In 1953, however, the peaceful application of greatest interest and promise was, as you know, nuclear power - which, according to the original vision in Atoms for Peace, would bring "abundant electrical energy in the power starved areas of the world". This vision, of course, as Dr. Schlesinger noted, has not thus far been realized. Although the percentage of nuclear electricity in individual countries has reached as high as 75-80%, the global share has in fact never risen above 17%, where it has hovered ever since the Chernobyl accident in 1986. The only current growth market for nuclear power is in Asia, and most projections foresee a gradual global decline in the coming decades or, at most, only slight growth - despite projected enormous increases in electricity demand - due to the lack of political support for nuclear power and the economics of recently deregulated markets.

Many experts, however, believe that this situation could change. The increasing emphasis on preventing climate change, and the resultant need to minimize the impact of electricity generation, is leading an ever greater number of leaders to speak in support of nuclear power as a source of large scale energy production that generates little or no greenhouse gases. And a key factor in this opportunity for a revival of nuclear power will be the success of nuclear innovation - through efforts such as the Agency's International Project on Innovative Nuclear Reactors and Fuel Cycles (INPRO), and the US-led Generation IV initiative. These innovation efforts, if successful, will address concerns related to safety, security, proliferation, waste disposal and economics, paving the way for a new generation of reactors that benefit from five decades of design and operational experience.

Safety and Security
The past twenty years have witnessed dramatic changes in the area of nuclear safety - changes inaugurated, in large part, in reaction to the accident at Chernobyl and driven by an upsurge in international co-operation. The Agency's response to that disaster was rapid, facilitating an international review of the causes and progression of the accident. Indeed, by the time of the IAEA General Conference in September of that year, 1986, the so-called Notification and Assistance Conventions had been both negotiated and opened for signature. The resulting momentum highlighted the need for significant safety improvements, provided the basis for the review of the Agency's Safety Standards, and in particular underscored the importance of expanded international co-operation to ensure that safety performance would be raised in all facilities, in all countries.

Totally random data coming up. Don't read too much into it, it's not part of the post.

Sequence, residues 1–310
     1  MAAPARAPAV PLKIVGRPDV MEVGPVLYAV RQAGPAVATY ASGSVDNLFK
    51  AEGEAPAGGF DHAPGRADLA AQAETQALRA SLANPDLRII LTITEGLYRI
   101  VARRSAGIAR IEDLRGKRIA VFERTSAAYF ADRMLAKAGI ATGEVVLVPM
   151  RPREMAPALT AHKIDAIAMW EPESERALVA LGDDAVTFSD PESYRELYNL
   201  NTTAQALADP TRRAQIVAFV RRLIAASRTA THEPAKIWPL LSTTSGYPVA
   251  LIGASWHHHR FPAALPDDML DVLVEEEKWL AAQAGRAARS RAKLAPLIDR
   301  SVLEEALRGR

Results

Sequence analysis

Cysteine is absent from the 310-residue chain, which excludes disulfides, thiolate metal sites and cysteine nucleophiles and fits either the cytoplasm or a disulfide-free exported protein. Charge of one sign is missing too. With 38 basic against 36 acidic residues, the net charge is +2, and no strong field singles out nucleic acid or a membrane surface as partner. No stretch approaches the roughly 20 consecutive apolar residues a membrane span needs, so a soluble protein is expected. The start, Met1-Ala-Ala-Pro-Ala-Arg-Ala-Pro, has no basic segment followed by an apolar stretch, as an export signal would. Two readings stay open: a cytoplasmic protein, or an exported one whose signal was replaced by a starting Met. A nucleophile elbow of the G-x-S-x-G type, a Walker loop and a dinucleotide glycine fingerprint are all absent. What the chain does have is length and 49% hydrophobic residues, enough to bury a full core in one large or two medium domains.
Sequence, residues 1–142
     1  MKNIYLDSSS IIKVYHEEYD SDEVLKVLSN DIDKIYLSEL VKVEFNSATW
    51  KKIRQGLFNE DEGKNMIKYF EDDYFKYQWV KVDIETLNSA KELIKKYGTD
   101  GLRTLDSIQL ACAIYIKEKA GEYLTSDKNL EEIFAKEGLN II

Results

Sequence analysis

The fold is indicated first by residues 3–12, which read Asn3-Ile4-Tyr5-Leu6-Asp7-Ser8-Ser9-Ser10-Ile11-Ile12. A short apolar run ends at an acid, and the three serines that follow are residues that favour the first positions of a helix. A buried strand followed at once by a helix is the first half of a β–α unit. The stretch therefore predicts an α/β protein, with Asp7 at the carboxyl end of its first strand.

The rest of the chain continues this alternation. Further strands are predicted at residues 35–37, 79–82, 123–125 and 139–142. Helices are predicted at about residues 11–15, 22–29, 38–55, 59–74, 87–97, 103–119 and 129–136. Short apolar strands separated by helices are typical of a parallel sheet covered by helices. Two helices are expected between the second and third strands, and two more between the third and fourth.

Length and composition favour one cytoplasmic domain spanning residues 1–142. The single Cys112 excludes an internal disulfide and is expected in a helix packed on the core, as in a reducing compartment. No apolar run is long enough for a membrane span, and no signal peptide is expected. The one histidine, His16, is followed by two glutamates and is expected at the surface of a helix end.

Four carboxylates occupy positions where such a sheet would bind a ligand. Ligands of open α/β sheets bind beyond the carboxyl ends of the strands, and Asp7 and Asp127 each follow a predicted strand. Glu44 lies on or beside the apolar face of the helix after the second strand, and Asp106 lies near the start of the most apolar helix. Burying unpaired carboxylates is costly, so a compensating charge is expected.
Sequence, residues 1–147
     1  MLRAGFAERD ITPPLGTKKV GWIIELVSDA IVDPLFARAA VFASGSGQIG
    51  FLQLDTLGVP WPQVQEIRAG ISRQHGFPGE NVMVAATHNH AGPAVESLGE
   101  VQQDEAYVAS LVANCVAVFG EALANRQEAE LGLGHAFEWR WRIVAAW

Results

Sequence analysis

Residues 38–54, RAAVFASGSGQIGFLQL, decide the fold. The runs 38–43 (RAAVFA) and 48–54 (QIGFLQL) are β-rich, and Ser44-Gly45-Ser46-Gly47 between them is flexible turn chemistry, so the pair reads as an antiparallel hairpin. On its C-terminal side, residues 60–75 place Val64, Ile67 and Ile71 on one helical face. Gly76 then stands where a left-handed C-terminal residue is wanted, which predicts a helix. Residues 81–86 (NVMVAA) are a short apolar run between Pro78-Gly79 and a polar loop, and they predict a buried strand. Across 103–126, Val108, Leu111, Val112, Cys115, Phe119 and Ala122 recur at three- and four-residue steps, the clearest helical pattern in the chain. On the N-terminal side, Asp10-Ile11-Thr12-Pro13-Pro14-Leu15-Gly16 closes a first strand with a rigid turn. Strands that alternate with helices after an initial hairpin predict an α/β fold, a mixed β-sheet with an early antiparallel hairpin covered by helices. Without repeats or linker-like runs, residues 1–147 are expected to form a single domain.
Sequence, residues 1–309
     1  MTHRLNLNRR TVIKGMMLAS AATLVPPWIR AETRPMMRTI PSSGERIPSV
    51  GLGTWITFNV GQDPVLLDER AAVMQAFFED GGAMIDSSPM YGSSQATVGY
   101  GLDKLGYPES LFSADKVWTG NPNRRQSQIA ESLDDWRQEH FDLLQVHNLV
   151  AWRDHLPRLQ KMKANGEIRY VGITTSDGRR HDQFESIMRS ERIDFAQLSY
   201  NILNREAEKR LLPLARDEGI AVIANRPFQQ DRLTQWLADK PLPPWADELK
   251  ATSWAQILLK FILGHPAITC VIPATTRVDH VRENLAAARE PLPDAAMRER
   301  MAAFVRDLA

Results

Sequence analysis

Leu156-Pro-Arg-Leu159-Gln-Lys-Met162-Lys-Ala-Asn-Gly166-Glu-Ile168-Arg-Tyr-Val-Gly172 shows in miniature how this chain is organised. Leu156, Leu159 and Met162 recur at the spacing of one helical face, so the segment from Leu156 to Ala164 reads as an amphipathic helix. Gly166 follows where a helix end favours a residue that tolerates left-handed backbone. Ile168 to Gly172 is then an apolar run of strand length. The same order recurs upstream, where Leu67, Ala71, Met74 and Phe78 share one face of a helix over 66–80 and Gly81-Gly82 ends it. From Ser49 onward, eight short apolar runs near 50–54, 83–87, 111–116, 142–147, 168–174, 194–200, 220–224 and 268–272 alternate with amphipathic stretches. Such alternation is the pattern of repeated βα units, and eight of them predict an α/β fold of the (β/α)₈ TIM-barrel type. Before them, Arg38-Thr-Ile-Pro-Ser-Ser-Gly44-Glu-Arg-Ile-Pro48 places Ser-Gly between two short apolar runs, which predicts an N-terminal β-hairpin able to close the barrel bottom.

The long term result has been a complete international rethinking of the approach to safety, not only of nuclear power plants but also of other nuclear facilities and radioactive sources. The Agency has been at the forefront of this revolution, leading, as it has, to the development of international conventions (most recently those on nuclear safety and the safety of spent fuel and waste management), and widespread use of international peer reviews that use Agency standards as the baseline - standards that have been strengthened with the support of many countries and are becoming accepted worldwide.